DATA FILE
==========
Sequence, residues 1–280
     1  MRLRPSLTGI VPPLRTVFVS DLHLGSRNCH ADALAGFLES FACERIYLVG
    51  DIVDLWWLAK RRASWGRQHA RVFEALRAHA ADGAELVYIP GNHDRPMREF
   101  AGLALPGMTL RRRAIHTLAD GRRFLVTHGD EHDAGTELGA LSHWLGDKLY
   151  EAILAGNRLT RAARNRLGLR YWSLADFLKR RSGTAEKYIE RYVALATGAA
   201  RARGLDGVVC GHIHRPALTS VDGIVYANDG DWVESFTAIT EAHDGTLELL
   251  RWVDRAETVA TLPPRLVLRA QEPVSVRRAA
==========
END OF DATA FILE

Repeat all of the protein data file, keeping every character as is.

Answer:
Sequence, residues 1–280
     1  MRLRPSLTGI VPPLRTVFVS DLHLGSRNCH ADALAGFLES FACERIYLVG
    51  DIVDLWWLAK RRASWGRQHA RVFEALRAHA ADGAELVYIP GNHDRPMREF
   101  AGLALPGMTL RRRAIHTLAD GRRFLVTHGD EHDAGTELGA LSHWLGDKLY
   151  EAILAGNRLT RAARNRLGLR YWSLADFLKR RSGTAEKYIE RYVALATGAA
   201  RARGLDGVVC GHIHRPALTS VDGIVYANDG DWVESFTAIT EAHDGTLELL
   251  RWVDRAETVA TLPPRLVLRA QEPVSVRRAA